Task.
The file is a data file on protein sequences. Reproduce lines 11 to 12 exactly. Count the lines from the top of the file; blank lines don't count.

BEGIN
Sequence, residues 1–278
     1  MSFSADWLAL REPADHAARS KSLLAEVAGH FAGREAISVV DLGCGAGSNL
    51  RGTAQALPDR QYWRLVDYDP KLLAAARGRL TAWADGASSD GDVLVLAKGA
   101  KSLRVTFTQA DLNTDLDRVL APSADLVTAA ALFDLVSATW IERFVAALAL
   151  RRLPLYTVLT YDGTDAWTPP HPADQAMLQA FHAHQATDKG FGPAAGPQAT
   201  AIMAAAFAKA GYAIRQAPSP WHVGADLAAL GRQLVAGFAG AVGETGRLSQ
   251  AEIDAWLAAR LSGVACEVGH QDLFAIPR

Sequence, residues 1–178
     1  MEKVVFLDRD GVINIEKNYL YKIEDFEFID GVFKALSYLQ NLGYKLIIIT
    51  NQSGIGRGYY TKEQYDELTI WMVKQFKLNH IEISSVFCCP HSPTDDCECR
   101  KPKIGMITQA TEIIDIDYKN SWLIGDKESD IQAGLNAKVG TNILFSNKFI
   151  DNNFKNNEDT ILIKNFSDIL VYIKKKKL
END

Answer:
   101  KPKIGMITQA TEIIDIDYKN SWLIGDKESD IQAGLNAKVG TNILFSNKFI
   151  DNNFKNNEDT ILIKNFSDIL VYIKKKKL